E.g. if an attacker sets the Referer-header to: [...] he is able to access the "foundation" administration interface of GroundWork without any prior authentication.
Some parts of those contexts, e.g. "birtviewer", are additionally secured by JOSSO SSO and require "user"-level access rights.
2) Foundation webapp admin interface: ~~~~~~~~~~~~~~~~~~~~~~~~~~~~~~~~~~~~~ 2.1) Referer check [...] See 1) for Referer
An attacker is able to access and manipulate the following settings without prior authentication: Manage Configuration Manage Application Types Manage Properties Manage Host Groups Manage Performance Data Manage Consolidation Criteria Unauthenticated access to & manipulation of configuration data, e.g.: adapter.properties, cacti.properties, console.properties, db.properties, foundation.properties, jndi.properties, nedi.properties, network-service.properties, ntop.properties, perfdata.properties, register_agent.properties, report-viewer.properties, status-feeder.properties, status-viewer.properties, viewer.properties, weathermap.properties, ws_client.properties
2.2) Unauthenticated file disclosure & arbitary file write/modification
[...] (Referer from 2.1) An attacker is also able to alter or save the file with new entries. Keep in mind though that the original file will be modified in a way that it may not work properly afterwards because "property/value" entries are generated.
2.3) Multiple permanent XSS vulnerabilities Many input fields/parameters are affected, the following list may not be complete:
[...] (+ Referer from 2.1)
3) MONARCH component ~~~~~~~~~~~~~~~~~~~~ 3.1) Direct OS command injection [...]
3.2) XML external entity injection & arbitrary XML file (over) write
Module "Profile Importer" Step a) Access URL [...]
Step b) Upload file: secconsult_xxe.xml [...]
The file will be uploaded to path "[...]" by default.
Side note: An attacker can choose arbitrary paths and arbitrary XML contents within the upload request, hence further attacks are possible.
Step c) View uploaded profile: [...]
The uploaded malicious secconsult_xxe.xml file will show up and it shows the executed XXE payload, e.g. the output of the Nagios configuration file "resource.cfg" which includes the plain text passwords of the Nagios configuration (arbitrary other files can be read).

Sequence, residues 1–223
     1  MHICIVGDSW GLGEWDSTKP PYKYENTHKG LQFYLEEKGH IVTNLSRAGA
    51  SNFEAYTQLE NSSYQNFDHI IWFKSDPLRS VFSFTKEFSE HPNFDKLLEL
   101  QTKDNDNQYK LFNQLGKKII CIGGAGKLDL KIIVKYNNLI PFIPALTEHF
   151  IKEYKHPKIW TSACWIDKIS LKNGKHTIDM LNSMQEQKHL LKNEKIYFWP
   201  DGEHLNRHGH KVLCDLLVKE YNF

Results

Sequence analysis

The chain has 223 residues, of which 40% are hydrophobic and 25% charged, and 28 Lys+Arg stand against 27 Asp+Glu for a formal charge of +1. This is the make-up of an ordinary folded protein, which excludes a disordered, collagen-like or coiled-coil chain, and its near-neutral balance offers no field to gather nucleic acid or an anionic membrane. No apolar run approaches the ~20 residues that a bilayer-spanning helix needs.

4) Nagios-App component ~~~~~~~~~~~~~~~~~~~~~~~ 4.1) Access to sensitive files Clear text passwords of Nagios: [...]
Log files: [...]
5) Performance component ~~~~~~~~~~~~~~~~~~~~~~~~ 5.1) Write files & execute operating system commands Step a) Write .shtml file [...]
Step b) Execute command example "ls" from above: [...]
One could also alter the XML file and exploit XML parser issues by retrieving the manipulated XML file again through this request: Write XML file: [...]
XML result/file will look like: [...] Read (XML) file again: [...]
The vulnerabilities have been tested in the currently latest available version v6.7.0.
SEC Consult tested the pre-installed Ubuntu image 6.7.0-br287-gw157 with a GroundWork Monitor Core test license.
SEC Consult strongly assumes that many further vulnerabilities exist and previous GroundWork versions are affected too.
2013-01-14: Contacting vendor via email firstname.lastname@example.org, asking for security
2013-01-16: No reply from vendor, resending email to email@example.com &
including firstname.lastname@example.org, mentioning deadline according to attached
responsible disclosure policy
2013-01-21: Still no reply, resending email email@example.com & firstname.lastname@example.org,
setting deadline for advisory publication to 5th March 2013
2013-01-22: Contacting US-CERT for further coordination, receiving VU#345260,
alerting mutual customers
2013-01-29: Asking US-CERT for status update: no security contact at
2013-02-05: Trying to contact another GroundWork email address of Roger
Ruttimann, VP of Engineering
2013-02-06: First answer of GroundWork (Director of Marketing), sending
detailed advisory information
Informing US-CERT about contact
2013-02-09: Vendor: Detailed info from engineering by next week
2013-02-12: Sending vulnerabilities from a second crash test, requesting conference call for discussion of next steps 2013-02-13: Vendor, info from engineering: patch for 27th February planned; Patch only addresses few issues (Referer checks) and not critical vulnerabilities SEC Consult: proper fixes needed, not a "workaround patch" 2013-02-26: Vendor: Email reply regarding conference call 2013-02-28: Conference call 2013-03-04: GroundWork provides optional technical bulletin for review 2013-03-05: SEC Consult states that the optional technical bulletin is not enough and does not fix the underlying issues within source code Informing US-CERT about the status and pending release 2013-03-06: Contacting local CERT teams 2013-03-06: GroundWork informs their customers 2013-03-07: Release of optional technical bulletin by GroundWork 2013-03-08: SEC Consult releases coordinated security advisory without proof of concept
GroundWork does not offer patches for the identified security vulnerabilities.
An optional technical bulletin is available by GroundWork that restricts access to GroundWork components by adding a SSO authentication layer for the affected components. Furthermore, configuration changes are suggested by GroundWork that disable "user" privilege access for some applications and require "admin" access rights in the future:
This recommendation by GroundWork is not sufficient and therefore not suggested by SEC Consult. In order to mitigate the risk, the vulnerabilities have to be fixed within the source code too.
In secure environments, such as operating centers where this software is for instance used, it is highly undesirable to use insecure applications.
Implement the suggestions of the technical bulletin. Keep in mind that the underlying security issues are not being addressed by the bulletin.
Furthermore, use additional measures to secure the application, e.g. but not limited to strict network segmentation. Only allow administrators to access the server. Secure all accounts with strong passwords & disable standard accounts.
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EOF Johannes Greil / @2013